‘I do not ride.’ I shook my head. ‘I want one that is slow.’
I couldn’t speak the lingo, but I’d watched ‘’Allo ’Allo’.
I felt the French girls sniggered and had masterminded fatwas.
‘You take ze ’orse zat’s at ze back. ’E’s young . . .’is name is Matoise.’
‘But what about a chapeau?’ I pointed to my head.
The girls threw back their têtes and laughed. My fate was viande dead.
Matoise was their accomplice; his eyes betrayed a smirk.
An entertaining novice! How he loved to taunt a berk.
Unladylike, I threw a leg and landed in the saddle.
My rump, untethered, slid about. I was up the creek, sans paddle.
The group set off in front of me in the languid summer heat.
I heard their chit-chat fade away as Matoise stopped to eat.
I kicked my heels as jockeys do and flapped the stringy reins,
but Matoise was on hors d’oeuvres and had yet to start his mains.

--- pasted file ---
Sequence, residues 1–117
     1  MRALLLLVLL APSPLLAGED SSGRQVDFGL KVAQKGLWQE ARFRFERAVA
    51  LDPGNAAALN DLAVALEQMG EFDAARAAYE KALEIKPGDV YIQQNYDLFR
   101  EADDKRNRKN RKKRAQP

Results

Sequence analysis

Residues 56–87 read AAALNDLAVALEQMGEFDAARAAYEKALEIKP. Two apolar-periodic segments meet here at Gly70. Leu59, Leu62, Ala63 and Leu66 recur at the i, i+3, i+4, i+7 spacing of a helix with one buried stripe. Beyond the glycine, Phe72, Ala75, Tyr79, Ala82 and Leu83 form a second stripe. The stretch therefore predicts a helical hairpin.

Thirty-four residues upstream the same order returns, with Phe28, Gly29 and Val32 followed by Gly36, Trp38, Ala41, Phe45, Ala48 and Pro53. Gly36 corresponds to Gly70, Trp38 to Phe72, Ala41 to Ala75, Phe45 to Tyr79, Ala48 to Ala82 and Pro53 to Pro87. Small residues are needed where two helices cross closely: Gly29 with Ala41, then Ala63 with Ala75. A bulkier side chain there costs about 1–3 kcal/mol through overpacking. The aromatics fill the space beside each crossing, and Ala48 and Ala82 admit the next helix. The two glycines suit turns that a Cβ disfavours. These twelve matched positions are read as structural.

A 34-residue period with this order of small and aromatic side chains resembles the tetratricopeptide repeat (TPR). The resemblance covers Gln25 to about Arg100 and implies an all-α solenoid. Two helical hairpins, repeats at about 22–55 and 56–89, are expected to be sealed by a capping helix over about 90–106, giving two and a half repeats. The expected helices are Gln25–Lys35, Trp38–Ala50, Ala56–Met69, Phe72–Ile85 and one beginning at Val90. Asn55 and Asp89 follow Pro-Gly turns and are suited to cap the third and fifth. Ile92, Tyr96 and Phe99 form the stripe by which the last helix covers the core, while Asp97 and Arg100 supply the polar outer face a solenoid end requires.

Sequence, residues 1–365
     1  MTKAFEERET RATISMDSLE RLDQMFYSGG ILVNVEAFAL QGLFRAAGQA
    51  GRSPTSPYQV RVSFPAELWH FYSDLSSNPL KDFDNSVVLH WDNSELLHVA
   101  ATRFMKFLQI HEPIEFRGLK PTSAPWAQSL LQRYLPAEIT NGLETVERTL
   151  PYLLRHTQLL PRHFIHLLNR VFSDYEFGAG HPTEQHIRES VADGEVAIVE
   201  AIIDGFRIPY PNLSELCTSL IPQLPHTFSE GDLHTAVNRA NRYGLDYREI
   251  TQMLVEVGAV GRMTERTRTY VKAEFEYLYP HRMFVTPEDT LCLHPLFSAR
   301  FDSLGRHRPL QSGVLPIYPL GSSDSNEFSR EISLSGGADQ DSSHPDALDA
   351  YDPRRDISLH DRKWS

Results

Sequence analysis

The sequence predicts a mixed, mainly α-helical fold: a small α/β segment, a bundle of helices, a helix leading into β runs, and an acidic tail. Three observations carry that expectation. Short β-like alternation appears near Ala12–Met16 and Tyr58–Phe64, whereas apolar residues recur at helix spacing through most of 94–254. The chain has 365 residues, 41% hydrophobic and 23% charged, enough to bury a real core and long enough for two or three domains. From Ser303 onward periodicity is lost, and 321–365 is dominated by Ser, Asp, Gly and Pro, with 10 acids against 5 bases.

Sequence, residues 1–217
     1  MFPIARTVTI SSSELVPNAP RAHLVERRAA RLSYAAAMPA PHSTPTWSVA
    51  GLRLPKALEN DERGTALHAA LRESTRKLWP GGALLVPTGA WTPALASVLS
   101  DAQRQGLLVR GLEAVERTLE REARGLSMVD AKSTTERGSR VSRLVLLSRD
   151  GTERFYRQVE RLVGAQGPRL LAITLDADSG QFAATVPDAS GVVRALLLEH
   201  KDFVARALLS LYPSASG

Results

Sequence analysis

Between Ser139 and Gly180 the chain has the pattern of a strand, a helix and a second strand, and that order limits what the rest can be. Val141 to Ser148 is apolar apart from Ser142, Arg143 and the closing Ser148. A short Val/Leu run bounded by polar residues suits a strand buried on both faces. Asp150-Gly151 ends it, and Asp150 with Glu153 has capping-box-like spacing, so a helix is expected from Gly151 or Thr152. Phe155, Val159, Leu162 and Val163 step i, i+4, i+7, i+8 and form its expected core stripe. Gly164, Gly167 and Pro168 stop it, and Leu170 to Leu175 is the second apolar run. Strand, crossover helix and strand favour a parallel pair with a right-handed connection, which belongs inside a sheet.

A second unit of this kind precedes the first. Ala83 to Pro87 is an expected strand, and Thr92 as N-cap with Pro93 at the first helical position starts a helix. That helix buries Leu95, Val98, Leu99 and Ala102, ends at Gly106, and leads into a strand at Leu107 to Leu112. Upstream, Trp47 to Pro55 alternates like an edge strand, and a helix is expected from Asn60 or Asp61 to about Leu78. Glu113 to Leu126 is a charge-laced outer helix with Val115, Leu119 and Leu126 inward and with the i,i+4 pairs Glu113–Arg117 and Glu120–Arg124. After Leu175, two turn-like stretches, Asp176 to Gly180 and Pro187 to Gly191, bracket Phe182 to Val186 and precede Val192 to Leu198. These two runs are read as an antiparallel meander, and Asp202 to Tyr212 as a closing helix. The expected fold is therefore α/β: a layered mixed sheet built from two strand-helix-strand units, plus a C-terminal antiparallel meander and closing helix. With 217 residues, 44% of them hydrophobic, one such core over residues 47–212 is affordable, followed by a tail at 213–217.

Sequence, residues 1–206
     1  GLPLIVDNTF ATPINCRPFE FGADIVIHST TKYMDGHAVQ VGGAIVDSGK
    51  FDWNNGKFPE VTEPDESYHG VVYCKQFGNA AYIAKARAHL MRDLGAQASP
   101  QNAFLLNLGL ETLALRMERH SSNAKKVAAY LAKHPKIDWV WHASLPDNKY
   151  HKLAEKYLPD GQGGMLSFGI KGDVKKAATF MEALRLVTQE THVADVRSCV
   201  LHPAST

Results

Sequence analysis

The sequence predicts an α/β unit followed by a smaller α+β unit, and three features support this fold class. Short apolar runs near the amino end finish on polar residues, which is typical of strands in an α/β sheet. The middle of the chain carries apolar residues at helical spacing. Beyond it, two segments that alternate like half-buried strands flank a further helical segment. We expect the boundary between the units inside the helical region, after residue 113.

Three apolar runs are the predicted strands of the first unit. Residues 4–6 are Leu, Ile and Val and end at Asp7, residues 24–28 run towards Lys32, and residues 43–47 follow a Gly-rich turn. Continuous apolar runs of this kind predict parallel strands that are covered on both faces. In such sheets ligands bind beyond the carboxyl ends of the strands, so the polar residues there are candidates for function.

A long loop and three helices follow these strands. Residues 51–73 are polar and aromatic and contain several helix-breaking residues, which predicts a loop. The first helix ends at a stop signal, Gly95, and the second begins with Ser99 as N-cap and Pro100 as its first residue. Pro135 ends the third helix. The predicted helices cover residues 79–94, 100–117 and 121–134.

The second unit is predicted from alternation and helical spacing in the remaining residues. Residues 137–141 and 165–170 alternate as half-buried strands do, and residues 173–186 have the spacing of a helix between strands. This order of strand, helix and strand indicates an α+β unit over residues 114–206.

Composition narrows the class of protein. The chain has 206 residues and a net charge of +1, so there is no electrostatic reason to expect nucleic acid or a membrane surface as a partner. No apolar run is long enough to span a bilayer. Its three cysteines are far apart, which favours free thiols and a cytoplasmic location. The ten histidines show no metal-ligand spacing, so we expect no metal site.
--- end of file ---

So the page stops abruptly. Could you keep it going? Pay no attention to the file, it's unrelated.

Finally, he raised his head and, like a bull, he stamped,
then took off like a thunderbolt! My muscle-mode was CLAMPED.
I yanked his reins to slow him down, but he raced with nose to sky,
and dragged me under branches which, of rider-height, were shy.
‘Stop, Matoise!’ I bellowed as he galloped t’wards a trench
. . . then changed it to ‘Arrêtez-vous’, recalling he was French.
Finally, our leader cut through my line of sight,
raised her eyes, snatched my reins and, muttering, pulled tight.
She led us to the trekkers, still plodding at their leisure,
and she and Matoise shared a wink of pure sadistic pleasure.
The day was done, the dismounts made, my hair was in a mess,
my face was scratched, my shoulders ached. I feigned a lack of stress.
I waved adieu and thanked them all, despite my dreadful pain,
and for the next three awful days, I walked just like John Wayne.
When life throws up the unexpected, Helen Laycock casts it in rhyme (much to the embarrassment of her Muse/husband). She writes serious poetry, too, as well as fiction. Details of her short stories and flash can be found here and information about her children’s books can be found here.